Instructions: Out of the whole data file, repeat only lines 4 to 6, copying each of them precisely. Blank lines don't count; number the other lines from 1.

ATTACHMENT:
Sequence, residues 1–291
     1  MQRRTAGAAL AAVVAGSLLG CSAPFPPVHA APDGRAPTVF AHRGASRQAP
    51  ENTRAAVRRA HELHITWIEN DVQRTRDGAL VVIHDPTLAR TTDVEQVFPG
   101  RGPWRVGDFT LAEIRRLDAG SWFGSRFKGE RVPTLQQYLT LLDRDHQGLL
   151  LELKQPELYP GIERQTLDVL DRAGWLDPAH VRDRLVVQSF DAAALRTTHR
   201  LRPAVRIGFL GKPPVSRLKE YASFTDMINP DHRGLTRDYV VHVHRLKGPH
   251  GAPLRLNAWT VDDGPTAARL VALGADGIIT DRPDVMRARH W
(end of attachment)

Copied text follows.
   101  RGPWRVGDFT LAEIRRLDAG SWFGSRFKGE RVPTLQQYLT LLDRDHQGLL
   151  LELKQPELYP GIERQTLDVL DRAGWLDPAH VRDRLVVQSF DAAALRTTHR
   201  LRPAVRIGFL GKPPVSRLKE YASFTDMINP DHRGLTRDYV VHVHRLKGPH